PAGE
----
Kousa Dogwood Fro-Yo

It's amazing when you realize that something right in front of your face is edible, and maybe even tasty, and you never even thought to eat it.  We humans are so dumb sometimes.

Here in the neighborhoods of Seattle, we have different varieties of dogwood, including this one called a Kousa Dogwood, originally from Japan.  The tree develops huge, juicy, tempting fruit at the end of the summer and into fall, and wouldn't you know it - it's edible AND delicious, and no one even eats it!  No one that I know of, anyway.

The skin is somewhat bitter and each fruit has a few seeds inside, but these bad boys are so big and juicy that you can work around those slight pitfalls and still get a good bit of meat.  When ripe, the fruit is a bit squishy to the touch, with a deeper pink skin and a yellow hue on the inside.  Mark took a bite and said it reminded him of Custard Apple (Cherimoya) in India.  I've never had cherimoya, but it reminded me in texture of a mango, and in taste of a melon of some kind.

Top: Kousa dogwood tree / Lower: Kousa guts

Top: Kousa dogwood tree / Lower: Kousa guts

I tried and tried to think of a unique way to use these in a savory recipe, but that's a tricky proposition - in order to get the fruit out of the skin and away from the seeds, it turns to complete mush.  This rules out a lot of possibilities, but I'll keep testing some things out for a potential future post.  For now, I decided to stick with something sweet, based on the melon-y taste.  The prep time for this took a while, but the ingredients are simple and there is no cooking required.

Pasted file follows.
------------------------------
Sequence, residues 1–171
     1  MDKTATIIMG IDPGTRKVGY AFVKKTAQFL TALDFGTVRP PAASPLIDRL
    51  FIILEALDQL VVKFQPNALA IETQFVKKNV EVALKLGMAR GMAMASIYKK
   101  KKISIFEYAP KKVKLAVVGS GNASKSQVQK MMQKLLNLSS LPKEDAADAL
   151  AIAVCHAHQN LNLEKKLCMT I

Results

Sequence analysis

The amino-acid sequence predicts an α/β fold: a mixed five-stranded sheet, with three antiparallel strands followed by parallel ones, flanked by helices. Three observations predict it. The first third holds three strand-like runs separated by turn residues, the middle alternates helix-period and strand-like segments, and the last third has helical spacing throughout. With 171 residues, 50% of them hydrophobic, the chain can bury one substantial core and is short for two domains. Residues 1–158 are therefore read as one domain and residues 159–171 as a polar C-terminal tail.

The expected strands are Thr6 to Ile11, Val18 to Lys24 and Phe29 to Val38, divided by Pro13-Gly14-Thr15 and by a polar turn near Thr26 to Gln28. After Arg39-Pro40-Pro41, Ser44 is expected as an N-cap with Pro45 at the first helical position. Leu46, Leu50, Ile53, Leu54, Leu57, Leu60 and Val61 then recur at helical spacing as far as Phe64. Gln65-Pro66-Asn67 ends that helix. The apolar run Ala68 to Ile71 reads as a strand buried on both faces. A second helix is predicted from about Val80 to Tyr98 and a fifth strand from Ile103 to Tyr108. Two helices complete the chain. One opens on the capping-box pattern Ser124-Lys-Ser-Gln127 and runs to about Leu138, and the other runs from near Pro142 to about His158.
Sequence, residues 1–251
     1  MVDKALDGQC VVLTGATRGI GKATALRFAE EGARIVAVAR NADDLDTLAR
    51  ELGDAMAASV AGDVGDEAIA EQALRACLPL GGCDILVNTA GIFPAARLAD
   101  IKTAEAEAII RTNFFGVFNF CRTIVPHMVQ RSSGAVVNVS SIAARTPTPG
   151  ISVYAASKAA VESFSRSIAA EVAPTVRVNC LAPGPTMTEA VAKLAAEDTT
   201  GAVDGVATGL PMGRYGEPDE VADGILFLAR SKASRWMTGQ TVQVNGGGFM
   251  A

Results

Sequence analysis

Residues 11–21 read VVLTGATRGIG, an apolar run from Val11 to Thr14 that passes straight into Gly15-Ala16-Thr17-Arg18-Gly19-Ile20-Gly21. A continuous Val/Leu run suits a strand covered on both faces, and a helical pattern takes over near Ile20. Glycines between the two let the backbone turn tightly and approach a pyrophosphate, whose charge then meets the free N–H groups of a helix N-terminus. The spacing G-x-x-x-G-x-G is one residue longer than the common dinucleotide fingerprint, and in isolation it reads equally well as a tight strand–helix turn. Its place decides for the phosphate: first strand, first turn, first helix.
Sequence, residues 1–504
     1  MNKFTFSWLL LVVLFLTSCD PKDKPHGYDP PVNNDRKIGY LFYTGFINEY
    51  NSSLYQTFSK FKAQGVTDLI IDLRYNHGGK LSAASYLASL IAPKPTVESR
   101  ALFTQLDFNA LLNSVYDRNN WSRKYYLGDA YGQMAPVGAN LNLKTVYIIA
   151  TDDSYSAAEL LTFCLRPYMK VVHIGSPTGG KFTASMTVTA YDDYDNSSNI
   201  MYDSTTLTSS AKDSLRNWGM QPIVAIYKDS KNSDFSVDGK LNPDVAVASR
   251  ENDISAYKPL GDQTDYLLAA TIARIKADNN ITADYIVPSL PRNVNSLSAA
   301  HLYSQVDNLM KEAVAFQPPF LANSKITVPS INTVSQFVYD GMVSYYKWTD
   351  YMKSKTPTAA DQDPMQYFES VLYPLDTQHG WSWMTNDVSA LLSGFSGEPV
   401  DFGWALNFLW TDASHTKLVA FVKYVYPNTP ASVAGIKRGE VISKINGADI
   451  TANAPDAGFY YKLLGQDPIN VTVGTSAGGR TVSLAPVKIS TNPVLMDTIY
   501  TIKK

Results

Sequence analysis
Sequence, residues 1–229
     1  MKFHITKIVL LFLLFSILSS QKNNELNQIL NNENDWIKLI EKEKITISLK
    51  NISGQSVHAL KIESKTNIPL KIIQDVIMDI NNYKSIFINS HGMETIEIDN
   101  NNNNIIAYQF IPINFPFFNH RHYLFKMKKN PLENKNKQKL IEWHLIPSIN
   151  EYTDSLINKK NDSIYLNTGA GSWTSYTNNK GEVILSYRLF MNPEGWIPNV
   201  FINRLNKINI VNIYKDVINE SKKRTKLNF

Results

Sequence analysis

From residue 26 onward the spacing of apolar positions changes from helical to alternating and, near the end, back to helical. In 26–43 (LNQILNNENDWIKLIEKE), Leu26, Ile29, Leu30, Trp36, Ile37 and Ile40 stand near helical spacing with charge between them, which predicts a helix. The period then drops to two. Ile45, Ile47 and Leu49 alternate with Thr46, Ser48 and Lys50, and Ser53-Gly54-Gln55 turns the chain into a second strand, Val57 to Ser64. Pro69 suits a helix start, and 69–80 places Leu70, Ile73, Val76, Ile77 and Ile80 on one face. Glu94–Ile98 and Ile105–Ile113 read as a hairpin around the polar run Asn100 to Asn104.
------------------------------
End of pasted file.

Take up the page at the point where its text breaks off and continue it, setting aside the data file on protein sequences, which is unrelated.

Kousa Dogwood Frozen Yogurt

Recipe Type: Dessert | Author: Edible Terrain
Prep time: 30 minutes | Cook time: 1-2 hours in freezer | Yield: 4 servings

  • 1 cup Kousa dogwood fruit (about two quart-sized baggies full of fresh fruit)
  • 1/2 cup plain, whole milk yogurt (I used Greek yogurt)
  • 4 teaspoons powdered sugar
  • lemon zest (about 1/2 a lemon)
  • fresh mint leaves (about 4-6 leaves), finely chopped

1. Prep the fruit.  Remove stems and gently cut in half.  Remove seeds and use a small spoon to scoop the fruit out.  After, mash the pulp with a fork to check for hidden seeds.

The process, starting at top left and moving counter-clockwise: Remove stems, cut in half, remove seeds, scoop out fruit, discard skin, drink cider, repeat.

The process, starting at top left and moving counter-clockwise: Remove stems, cut in half, remove seeds, scoop out fruit, discard skin, drink cider, repeat.

2. Combine fruit mash with remaining ingredients in a medium-sized bowl.  The fruit should be fully mashed by now, so a food processor is not required - but feel free to use one if it's easier for you.

3. Cover the bowl and place in freezer for 1-2 hours, checking occasionally for the correct consistency.  Note: if the mixture remains too long in the freezer (for example, overnight), it will get pretty solid.  It can be defrosted by setting back in the refrigerator or lightly microwaving and remixing.

4. Serve and enjoy!